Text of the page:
This blog is written by our clinicians and aims to keep patients informed with up to date information on medical conditions.
Screening for certain female specific cancers may seem routine in the UK where we have regular breast screening for breast cancer and smear tests for cervical cancer, however there is one female cancer that we do not screen for, frequently labelled a silent killer – the ovarian cancer.
Ovarian cancer is rare, but is the 6th most common cancer in women in UK. Despite advances in medicine, survival rates from Ovarian Cancer have only seen modest improvements in the last 40 years, hence the emphasis on early diagnosis.
But with no formal screening programme in UK, what are your options?
The Symptoms of Ovarian Cancer
Ovarian cancer is considered to be ‘silent’ because its symptoms are often confused with those of more minor conditions.
Awareness of the following symptoms is incredibly important, especially if they are new and persistent:
- Abdominal swelling
- Digestive problems (including having more wind than usual, a loss of appetite and bloating)
- Abdominal/pelvic pain
- Feeling a frequent need to pass urine
- Irregular periods
Screening for Ovarian Cancer
For those at higher risk than average of ovarian cancer (for example women with a strong family history or personal history of breast and/or ovarian cancer), regular surveillance can be offered via scans and blood tests but for the majority of women who are deemed lower risk, there is no recommended screening.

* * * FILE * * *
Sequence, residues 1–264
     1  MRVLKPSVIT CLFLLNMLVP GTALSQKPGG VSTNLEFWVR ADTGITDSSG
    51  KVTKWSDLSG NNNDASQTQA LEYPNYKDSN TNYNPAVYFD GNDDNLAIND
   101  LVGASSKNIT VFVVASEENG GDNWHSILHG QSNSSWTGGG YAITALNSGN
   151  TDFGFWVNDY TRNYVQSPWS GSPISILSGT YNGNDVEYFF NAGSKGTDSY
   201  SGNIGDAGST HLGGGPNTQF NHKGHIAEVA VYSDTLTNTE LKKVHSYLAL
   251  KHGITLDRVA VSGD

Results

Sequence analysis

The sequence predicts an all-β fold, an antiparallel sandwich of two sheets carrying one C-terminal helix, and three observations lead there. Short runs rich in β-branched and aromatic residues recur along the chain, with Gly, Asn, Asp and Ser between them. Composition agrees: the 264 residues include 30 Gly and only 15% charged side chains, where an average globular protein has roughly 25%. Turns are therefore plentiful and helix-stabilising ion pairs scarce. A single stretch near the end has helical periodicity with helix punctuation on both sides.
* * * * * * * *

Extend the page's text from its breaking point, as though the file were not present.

Smear tests do not look for ovarian cancer, but the following can and should be done on an annual basis and as part of a Well-Woman Health Check:
1. Talking to and being examined by a doctor
- Providing a history of any symptoms, past medical history and family history is always important.
- Your doctor can then perform an abdominal examination and an internal pelvic one too. This will be to look for any abdominal or pelvic masses.
- A pelvic examination should be part of a woman’s regular health exam.
2. Blood tests
- CA125 is to date the best-known ovarian cancer marker, and is used for detecting disease, monitoring response to treatment and identifying disease recurrences.
However only approximately 85% of women with ovarian cancer have a raised CA125, and only 50% of women with early stages of ovarian cancer have the CA125 raised. CA125 may also be raised in benign conditions
- HE4 is another marker for ovarian cancer, that has been available privately for several years. HE4 is over expressed in ovarian cancer and other cancers and normal ovarian tissue has a minimal production of HE4. By combining HE4 with CA125 one gets an increased ability to identify ovarian cancers early.
- At RoC Private Clinic we utilize ROMA (Risk of Ovarian Malignancy Algorithm) test. This test assesses the CA-125 level and HE4 levels, together with a woman’s menopausal status and calculates a risk of ovarian cancer. The result will classify a woman as being at low or high risk of ovarian cancer.
3. Transvaginal ultrasound
- This is an incredibly important part of the assessment and will involve the sonographer scanning both ovaries as well as the rest of the pelvis.
- This test may not be able to identify whether an abnormality is cancerous or not but will highlight any masses or cysts